Triolet for Deborah

When the world is hopeless, coloured dull and grey,

Beyond the walls the unknown swirls its sandy skirts,

With the voice of wraiths that flee the light of day.

When the world is hopeless, coloured dull and grey,

Priests intone, black guards enforce the rule to pray,

You find the light, the green, the life so bright it hurts.

When the world is hopeless, coloured dull and grey,

Beyond the walls, the unknown swirls its sandy skirts.

Theodoros_Rallis_-_Child_Hiding_Behind_Egyptian_Sculpture,_Luxor

I think this triolet works. The world of The Green Woman is grey and hopeless, ruled by a miserable, cruel theocracy. Beyond the city walls is desolation, full of unknown horrors. But beyond is also a budding green place, a garden of Eden, a new start. Something, someone, needs to start the rebellion, the exodus, to find it. The world is grey, but the desert’s swirling skirts hide the key to a new life.

A constant theme in my novels is the search for a utopia. Not necessarily to find one ready made, but to build one. The Green Woman books are about Deborah’s search for her mother, herself, and a better world than one she has been presented with. The altruistic motivation doesn’t come to her immediately. It grows on her as she discovers that she might be able to change things, and the acceptance, that if she can change things, she has a duty to do it.

I like the notion that we all have a responsibility for those around us, and one of the tropes in fantasy fiction I find least appealing is the whipping up of armies, the killing of thousands, to fulfil one person’s ambition, to restore one person’s ‘rightful’ inheritance. There’s nothing ‘rightful’ about leadership. It has to be earned. Birth counts for nothing. The reverse is also true—the recognition of wrong brings an obligation to do something about it, however insignificant or useless we might feel.

Mighty leaders at the head of mighty armies does nothing for me as a literary construct. Cooperation, solidarity, mutual respect are all far more important. The grass grows without being forced; the sun shines for everyone. Putting aside differences and working hand in hand is the only way for any society to succeed. If you believe that too, you might like The Green Woman.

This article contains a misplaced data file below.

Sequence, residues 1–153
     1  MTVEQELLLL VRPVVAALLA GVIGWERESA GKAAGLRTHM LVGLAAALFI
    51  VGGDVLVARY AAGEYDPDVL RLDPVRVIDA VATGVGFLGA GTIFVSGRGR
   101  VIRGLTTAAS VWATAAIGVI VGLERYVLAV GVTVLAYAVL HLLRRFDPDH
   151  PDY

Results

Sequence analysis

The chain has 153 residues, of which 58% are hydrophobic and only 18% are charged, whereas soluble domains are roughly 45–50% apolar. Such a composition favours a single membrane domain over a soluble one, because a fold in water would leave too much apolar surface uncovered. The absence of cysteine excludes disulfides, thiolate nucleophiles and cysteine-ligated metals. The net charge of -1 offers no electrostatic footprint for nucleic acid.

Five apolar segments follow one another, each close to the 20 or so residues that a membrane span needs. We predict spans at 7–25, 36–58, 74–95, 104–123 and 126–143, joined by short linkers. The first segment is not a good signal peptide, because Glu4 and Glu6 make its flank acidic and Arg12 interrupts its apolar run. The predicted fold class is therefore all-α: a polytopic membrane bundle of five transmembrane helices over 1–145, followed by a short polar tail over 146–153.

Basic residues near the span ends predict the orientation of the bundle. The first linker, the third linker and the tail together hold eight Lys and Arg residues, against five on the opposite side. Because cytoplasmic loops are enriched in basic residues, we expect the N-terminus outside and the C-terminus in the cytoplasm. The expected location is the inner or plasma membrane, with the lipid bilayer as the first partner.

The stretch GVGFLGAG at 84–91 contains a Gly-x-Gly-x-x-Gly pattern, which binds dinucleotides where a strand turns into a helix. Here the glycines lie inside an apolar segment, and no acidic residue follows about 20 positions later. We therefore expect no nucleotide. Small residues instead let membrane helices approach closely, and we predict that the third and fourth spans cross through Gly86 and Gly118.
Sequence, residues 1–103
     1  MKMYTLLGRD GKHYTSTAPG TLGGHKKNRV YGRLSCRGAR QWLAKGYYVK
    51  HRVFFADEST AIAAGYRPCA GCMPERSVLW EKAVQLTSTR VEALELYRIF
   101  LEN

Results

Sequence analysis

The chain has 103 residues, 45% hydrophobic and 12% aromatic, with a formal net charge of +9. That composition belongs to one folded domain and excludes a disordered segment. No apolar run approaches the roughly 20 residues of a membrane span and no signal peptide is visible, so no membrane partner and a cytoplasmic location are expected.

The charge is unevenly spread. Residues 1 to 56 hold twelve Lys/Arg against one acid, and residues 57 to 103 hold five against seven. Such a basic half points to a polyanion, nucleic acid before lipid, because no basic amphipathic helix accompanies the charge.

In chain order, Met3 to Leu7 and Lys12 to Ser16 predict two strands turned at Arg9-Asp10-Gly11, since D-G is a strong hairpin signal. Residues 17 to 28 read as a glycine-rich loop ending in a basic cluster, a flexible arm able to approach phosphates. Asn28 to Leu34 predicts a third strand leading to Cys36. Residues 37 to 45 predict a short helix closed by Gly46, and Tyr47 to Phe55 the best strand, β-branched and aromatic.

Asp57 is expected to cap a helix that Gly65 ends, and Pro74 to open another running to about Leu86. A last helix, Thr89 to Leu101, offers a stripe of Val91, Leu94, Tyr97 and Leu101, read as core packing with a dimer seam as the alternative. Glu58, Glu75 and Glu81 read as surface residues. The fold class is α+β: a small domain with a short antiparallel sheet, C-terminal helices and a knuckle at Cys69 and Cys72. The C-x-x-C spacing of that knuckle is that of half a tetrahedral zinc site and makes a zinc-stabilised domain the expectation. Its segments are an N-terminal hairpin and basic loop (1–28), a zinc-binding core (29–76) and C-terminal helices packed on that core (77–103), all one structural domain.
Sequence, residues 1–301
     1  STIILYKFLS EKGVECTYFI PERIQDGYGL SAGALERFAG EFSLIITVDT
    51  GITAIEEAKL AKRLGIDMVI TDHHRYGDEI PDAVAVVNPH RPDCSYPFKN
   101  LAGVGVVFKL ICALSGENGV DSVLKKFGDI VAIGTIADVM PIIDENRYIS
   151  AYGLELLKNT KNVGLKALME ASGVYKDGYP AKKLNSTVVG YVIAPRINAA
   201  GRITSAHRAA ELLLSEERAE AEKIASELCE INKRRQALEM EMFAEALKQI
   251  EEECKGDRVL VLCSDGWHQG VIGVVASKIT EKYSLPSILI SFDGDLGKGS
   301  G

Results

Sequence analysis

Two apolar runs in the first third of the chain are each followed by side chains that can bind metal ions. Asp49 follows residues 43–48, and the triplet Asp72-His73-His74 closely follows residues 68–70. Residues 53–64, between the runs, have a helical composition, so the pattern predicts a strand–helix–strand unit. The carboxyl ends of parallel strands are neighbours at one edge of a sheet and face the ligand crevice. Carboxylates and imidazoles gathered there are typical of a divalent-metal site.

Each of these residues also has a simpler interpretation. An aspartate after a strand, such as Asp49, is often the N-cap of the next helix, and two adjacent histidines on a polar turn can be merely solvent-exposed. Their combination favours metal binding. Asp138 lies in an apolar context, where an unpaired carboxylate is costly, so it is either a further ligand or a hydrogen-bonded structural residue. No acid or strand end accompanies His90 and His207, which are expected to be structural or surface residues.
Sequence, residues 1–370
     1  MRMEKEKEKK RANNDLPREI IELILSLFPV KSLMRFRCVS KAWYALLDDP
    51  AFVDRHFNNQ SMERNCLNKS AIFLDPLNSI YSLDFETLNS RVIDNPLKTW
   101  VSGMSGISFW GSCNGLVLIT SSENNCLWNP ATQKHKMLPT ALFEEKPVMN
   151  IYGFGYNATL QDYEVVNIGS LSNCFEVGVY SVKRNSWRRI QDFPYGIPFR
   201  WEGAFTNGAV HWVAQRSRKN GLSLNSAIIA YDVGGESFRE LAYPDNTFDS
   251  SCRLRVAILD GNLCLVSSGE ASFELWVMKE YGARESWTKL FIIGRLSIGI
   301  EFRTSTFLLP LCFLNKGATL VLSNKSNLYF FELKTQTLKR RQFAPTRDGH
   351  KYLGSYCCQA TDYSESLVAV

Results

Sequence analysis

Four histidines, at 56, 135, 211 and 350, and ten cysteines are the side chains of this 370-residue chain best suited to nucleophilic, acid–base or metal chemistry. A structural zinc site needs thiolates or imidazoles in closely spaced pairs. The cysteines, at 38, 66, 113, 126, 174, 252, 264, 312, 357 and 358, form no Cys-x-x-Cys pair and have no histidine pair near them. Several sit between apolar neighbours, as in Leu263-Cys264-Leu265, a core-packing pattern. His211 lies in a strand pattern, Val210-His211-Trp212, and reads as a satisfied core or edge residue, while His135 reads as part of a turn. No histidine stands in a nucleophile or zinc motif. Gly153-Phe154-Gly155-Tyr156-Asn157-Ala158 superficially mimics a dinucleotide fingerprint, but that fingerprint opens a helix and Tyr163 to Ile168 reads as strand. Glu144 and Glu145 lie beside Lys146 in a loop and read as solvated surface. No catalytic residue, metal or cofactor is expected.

Book One: The Dark Citadel is free over the next few days.

Amazon US

Amazon UK

Amazon Aus

Amazon Ca

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A gobsmacking review of The Subtle Fiend

Here I was, penning haiku, as you do when you should be doing something else, and what pops into my inbox? This splendiferous review of The Subtle Fiend. I read it and asked myself, did I write that? I am truely humbled that a reader, who is a great writer herself, should have been so smitten by the story.
Here it is

The Subtle Fiend

http://rockthebook.blogspot.fr/2014/09/a-rocking-review-of-subtle-fiend-by.html#comment-form

If you haven’t started on the series, maybe you should consider it 🙂
Browse through all the books here for Amazon.com
here for Amazon UK
here for Amazon Oz

She overcomes the shadows

A poem for Beyond the Realm of Night

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You have reached the end of your journey

A resting place is in sight

The fears that have tracked you since you fled your home

Are fading into the night.

You have let death rob life of its sweetness

And you carry your shame like a pall

But the world needs a beacon it’s poised on the brink

And lightless is destined to fall.

A heavy load to carry

When your heart yearns to toss it away

And follow love into the shadows

And beg him to let you stay.

When daylight falls soft from a clear sky

And the last shreds of darkness have fled

When the song of the blackbird is louder

Than the mutterings of the dead

You’ll be there with your doubts and your heartaches

And a guilt that has not yet been told

To take up the hands that are offered

Filled with all of the love you can hold.

Be strong and be brave through your sorrow

For the lost look to your shining light

To guide them out of the shadows

Beyond the realm of the night.

New review for Midnight Visitors

An unexpected surprise—a five star review for Midnight Visitors from Jada Ryker.

MidnightCover

http://www.amazon.com/review/R2PH879E4ZO3TW/ref=cm_cr_dp_title?ie=UTF8&ASIN=B00K8DYOC4&channel=detail-glance&nodeID=133140011&store=digital-text

It would be brilliant if you could press the like button on the review to get just that extra bit of mileage out of it 🙂

She watches the boat on the river

This is my promotion weekend and I’ve been having fun tweeting spoof endorsements of my books. On a more traditional note, here’s a poem from the final book of the series, Beyond the Realm of Night.

Redon.flower-clouds

The wind on the river has blown you away
And your little white boat that pulled out from the trees
With its cargo of shadows and dreams left unsung
And the song that you sung was caught up by the breeze

Oh will you come back to me, love she calls
And bring back the piece of my heart you stole
For without you the day is as dull as the night
And without you the pattern will never be whole.

You turn and you wave but the light in your face
Shows her a sadness that no words could say.
I’ll come back when the sun lights the night sky, you call,
And silvery moonbeams will light up the day.

Book plug
http://www.amazon.com/The-Dark-Citadel-Green-Woman-ebook/dp/B00JW86TYM/ref=cm_cr_pr_product_top

Iduna sings

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Beneath the desert sands
Tossed by seisms
And burnt by long dead suns
The earth sleeps.
A child plays in a northern meadow
Threading her daisy chains
While the earth stirs.
In her heart
A germ of life, a fragile seed
Dreams of grandeur,
The sturdy blossom-hung boughs
Of an apple tree.

From The Green Woman. Purchase the first volume, The Dark Citadel here and here.